Democratic watchman. (Bellefonte, Pa.) 1855-1940, July 15, 1921, Image 6

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‘Bellefonte, Pa., July 15, 1921.
One night in my cell
My eager eyes fell
On a note that came through my door,
A little white sheet
That fell at my feet
On the flags of my cold stone floor.
My heart gave a bound
As I stooped to the ground
Not knowing from whom it could be
What a great surprise
To my waiting eyes
That letter from mother to me.
As I sat all alone
In my cell of stone
I felt as happy as I could be,
And rarer than gold
In my hand I hold
That letter from mother to me.
Yes, it's from mother
Life has no other
Who loves us so fondly as she,
Bitter tears I have shed
On my prison bed
It’s that letter from mother to me.
Tis now many years
Since we parted in tears
And I remember the day that I went,
And she writes me today
That her hair is gray
‘And her back now with age is bent.
Your friends may grow cold
No matter how old,
Your faults will be all that they see,
On mother depend
She'll stick to the end
Says that letter from mother to me.
—Author Unknown.
_Shabuoth, which is the Hebrew for
the Feast of Weeks, was observed in
all congregations of the Jewish faith
Sunday, June 12th, and in more ortho-
dox synagogues on Sunday and Mon-
day, June 13th. This festival is one of
the three pilgrim feasts which were
observed in ancient Biblical times
when the inhabitants of ancient Pales-
tine made pilgrimages to the Holy
Temple at Jerusalem and there in
numbers vast sang praises unto the
Lord for his mercies which endure
continuously. In those days the cere-
monial consisted in the offering of the
first fruits and grains of the field and
were brought as a thanksgiving token
for the new crop that was being har-
vested. (Deut. xvi: 10).
This feast of the first fruits like
other ancient pilgrim festivals was
gradually transformed and invested
with a more spiritual significance;
particularly after the Jewish people
developed a historical consciousness.
In later periods of their existence the
Jewish people linked historical events
with those institutions and festivals
that were transmitted from remote an-
cestry. In the case of the. Feast .of
Weeks the giving of the Decalouge
was associated with the feast of the
first fruits, thus investing the feast
with spiritual content. In this spirit
ig celebrated to this day. ES
fsommemorating the glorious season '
when the revelation of God’s word
was made known unto the people of
Israel the festival becomes a re-dedi-
cation of the people of Israel unto
the service of God, whichis a conse-
cration of the Jewish people to so live
that their deeds may be seen of men
as deeds of justice and loving kind-
ness. :
‘By this association of the giving of
the law with the Feast of Weeks the |
Jewish people developed the conscious-
ness of their appointment as a priest- |
people at the altar of humanity in the
sense that the Jew is dedicated to the
ample this law of love and to strive to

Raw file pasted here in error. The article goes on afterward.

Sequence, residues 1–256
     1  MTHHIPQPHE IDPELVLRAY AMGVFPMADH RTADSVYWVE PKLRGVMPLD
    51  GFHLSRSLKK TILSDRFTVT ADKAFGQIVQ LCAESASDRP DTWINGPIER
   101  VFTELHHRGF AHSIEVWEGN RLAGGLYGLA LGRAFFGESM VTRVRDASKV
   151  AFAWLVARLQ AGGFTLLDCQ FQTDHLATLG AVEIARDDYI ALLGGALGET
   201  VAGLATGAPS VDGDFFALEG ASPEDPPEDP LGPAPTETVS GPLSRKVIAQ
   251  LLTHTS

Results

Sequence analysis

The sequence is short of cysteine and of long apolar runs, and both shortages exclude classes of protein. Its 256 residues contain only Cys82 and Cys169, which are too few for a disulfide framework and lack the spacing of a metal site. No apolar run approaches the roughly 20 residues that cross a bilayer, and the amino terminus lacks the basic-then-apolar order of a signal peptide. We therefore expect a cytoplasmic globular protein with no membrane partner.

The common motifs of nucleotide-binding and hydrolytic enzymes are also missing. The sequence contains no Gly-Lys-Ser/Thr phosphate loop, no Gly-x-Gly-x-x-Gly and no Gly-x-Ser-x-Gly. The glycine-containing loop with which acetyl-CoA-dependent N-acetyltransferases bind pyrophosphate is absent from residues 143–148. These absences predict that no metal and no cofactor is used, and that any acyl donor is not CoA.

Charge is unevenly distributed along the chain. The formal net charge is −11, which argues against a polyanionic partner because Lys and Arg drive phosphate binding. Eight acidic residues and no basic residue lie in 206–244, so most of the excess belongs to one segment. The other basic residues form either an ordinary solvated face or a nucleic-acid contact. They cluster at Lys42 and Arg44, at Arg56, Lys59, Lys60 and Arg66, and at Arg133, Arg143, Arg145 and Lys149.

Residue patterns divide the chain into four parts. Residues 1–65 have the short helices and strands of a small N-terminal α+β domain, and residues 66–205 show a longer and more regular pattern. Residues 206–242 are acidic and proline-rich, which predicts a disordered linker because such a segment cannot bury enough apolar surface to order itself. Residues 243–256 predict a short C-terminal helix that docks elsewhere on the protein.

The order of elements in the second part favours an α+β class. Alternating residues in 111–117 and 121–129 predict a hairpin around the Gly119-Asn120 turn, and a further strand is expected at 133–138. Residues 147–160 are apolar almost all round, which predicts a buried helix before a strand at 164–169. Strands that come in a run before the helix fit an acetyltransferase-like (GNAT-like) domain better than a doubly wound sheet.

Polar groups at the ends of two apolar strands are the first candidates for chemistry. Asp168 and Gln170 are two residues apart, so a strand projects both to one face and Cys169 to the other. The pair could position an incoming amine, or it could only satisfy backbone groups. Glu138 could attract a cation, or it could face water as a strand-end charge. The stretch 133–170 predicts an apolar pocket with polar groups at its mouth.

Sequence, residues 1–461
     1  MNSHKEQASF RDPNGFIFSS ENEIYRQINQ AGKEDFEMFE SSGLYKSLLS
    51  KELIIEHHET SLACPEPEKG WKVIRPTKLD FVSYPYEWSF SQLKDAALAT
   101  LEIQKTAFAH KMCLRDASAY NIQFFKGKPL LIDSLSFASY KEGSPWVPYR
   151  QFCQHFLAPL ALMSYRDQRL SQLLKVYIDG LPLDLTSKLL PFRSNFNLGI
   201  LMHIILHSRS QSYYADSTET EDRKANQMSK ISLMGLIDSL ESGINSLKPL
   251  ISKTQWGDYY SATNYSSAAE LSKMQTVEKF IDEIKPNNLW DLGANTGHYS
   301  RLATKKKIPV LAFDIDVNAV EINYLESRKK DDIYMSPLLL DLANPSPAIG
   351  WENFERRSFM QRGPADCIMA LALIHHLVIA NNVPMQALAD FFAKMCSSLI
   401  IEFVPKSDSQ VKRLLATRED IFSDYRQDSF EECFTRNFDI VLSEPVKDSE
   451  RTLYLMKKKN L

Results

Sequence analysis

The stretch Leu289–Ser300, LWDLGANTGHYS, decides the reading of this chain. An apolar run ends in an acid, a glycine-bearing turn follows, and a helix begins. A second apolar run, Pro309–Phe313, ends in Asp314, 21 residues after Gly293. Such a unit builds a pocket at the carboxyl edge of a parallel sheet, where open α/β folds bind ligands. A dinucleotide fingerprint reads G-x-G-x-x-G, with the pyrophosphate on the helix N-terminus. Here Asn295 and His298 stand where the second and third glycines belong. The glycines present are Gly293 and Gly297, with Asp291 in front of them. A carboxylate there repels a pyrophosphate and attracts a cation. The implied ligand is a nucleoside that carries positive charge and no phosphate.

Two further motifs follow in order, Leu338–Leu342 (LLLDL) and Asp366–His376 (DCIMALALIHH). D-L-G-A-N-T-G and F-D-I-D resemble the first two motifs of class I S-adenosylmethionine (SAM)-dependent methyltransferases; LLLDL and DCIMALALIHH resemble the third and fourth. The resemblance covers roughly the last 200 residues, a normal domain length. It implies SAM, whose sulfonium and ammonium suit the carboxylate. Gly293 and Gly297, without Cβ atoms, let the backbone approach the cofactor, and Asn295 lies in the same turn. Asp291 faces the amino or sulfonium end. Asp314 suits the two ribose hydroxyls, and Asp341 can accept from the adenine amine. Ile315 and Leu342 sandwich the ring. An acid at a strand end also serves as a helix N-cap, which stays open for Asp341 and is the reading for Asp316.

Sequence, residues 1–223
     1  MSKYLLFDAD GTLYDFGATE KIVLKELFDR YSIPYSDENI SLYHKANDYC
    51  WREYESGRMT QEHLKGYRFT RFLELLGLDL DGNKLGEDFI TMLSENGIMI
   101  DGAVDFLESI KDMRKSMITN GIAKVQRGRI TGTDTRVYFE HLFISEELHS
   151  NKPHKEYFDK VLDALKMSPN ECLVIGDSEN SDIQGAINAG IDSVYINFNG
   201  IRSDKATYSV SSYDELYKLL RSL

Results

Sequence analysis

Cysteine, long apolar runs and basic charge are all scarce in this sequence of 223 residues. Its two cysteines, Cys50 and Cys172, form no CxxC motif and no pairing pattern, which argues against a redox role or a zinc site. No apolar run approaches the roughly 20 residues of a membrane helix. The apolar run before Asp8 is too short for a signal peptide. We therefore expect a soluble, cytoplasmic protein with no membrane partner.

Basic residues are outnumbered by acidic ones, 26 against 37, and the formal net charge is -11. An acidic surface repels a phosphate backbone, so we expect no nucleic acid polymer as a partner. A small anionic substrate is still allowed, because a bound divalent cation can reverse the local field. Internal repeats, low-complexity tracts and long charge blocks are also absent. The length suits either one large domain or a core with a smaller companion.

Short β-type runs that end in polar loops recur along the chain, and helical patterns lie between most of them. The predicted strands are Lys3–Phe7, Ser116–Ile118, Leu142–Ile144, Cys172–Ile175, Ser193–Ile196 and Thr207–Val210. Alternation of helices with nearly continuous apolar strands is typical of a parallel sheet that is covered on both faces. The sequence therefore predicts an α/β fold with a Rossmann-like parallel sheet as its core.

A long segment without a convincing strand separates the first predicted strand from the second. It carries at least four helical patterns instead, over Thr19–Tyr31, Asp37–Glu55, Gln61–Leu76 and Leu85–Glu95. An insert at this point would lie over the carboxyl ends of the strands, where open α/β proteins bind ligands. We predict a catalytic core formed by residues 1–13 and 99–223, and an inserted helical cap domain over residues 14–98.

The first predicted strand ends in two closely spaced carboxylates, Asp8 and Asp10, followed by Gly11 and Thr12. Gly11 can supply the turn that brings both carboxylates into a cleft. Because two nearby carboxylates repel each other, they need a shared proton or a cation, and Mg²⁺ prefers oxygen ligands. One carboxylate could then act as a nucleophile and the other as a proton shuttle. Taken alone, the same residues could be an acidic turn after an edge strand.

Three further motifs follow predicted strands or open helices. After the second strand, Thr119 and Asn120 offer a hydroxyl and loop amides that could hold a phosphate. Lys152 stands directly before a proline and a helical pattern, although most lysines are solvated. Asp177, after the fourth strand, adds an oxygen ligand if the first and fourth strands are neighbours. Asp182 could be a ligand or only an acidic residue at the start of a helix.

bring about the glorious era when all |
humanity shall be united to do h
to God as the i)
children are all sons of men.
. The Reform congregations have
in later decades enriched Shabuoth
with new significance by designating
Las the-Confirmation Day. This cer-
€£mony possesses a religious character
in that it aims to impress the Jewish
children with their obligations to their
religious heritage. Expressing of
tlieir own accord their convictions they
Pledge doyalty to a covenant of justice
and humanity. The Confirmation serv-
ice does not exact from the confirmant
any. other confession than that of a
belief in God’s justice and truth as
manifested in history.
Following the confirmation. services I-
a reception is held in the Horie or in
the religious-school where friends arid
relatives of the confirmants and their
parents receive greetings ‘and felicity.
tions on the eventful day in the life of
the graudate.
Ward Favors World Wide Me-
morial Observance.
An Stornaiont Memorial day to
commemorate Sacrifices. of. the.
world war, has Ji ‘Yeceived the en-
dorsement of Cabot Ward, vice ad-
miral of the Infér-Allied Federation
of Veterans. ia
In a letter to ¥. iW. Hamilton, of St.
Pgul, who is urging that May 30 be
made a day of iifiternational observ-
ance, Mr. Ward Said he was sure his
endorsement would be reiterated by
Colonel Crosfield;: head of the British
Legion, and Charles Bertrand, presi-
dent of the IntervAllied Veterans.
r ard vofgr’s. to. the -xesolution,
a¥opted by the Thter-Allied Vetérans:
that the organization's members
“should do all in their power to insure
that other nations adopt May 30th as
Memorial day for those who gave
their lives for their country in the late
Mr. Hamilton also has letters from
prominent Europeans approving the
idea, which brought forth a letter
fiom Stephane Luzanne, editor of the
Matin, Paris, with 3
ing the proposal. Senator Edvard
Wavrinsky, of Stockholm, a member
of the Inter-Parliameéntary “Union,
said “Swedish papers will support the
movement.” ;
‘One point in Mr. Hamilton’s plan,
which he stresses, is that on May 30,
“3]l the world would halt its activities
for five minutes at noon while silent:|-.
tribute would be paid to the hero
service of teaching by word and by ex- |